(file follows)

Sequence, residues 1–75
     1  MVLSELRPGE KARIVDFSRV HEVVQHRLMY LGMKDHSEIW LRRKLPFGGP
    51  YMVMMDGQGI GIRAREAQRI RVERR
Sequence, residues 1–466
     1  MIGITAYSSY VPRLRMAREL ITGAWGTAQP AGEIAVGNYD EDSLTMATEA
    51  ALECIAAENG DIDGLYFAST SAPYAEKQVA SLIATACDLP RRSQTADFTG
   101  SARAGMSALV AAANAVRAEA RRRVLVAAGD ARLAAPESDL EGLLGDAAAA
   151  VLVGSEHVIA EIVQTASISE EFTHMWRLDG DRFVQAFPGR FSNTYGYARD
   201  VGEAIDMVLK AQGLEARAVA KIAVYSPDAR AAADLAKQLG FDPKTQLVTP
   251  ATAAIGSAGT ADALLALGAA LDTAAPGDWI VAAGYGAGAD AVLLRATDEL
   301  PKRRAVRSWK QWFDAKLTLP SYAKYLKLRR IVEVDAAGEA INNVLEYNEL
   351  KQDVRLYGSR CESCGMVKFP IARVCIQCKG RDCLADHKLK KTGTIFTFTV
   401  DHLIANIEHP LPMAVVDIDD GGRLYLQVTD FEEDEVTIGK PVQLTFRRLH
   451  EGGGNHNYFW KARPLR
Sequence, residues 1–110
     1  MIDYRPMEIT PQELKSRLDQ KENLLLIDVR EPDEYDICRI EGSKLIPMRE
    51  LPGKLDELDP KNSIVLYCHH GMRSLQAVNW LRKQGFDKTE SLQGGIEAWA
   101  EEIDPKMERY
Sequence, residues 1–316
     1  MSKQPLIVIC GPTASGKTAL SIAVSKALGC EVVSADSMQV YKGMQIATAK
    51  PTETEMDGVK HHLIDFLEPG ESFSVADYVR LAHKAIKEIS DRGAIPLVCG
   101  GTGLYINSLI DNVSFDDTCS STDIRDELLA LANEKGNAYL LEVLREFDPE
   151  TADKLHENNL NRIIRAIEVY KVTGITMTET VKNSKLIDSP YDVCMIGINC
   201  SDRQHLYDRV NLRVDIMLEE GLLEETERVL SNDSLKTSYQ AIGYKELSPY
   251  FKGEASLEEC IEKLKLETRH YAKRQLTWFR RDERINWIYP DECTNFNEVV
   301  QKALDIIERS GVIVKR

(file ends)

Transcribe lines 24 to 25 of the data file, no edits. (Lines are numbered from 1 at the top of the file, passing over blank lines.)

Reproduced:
   201  SDRQHLYDRV NLRVDIMLEE GLLEETERVL SNDSLKTSYQ AIGYKELSPY
   251  FKGEASLEEC IEKLKLETRH YAKRQLTWFR RDERINWIYP DECTNFNEVV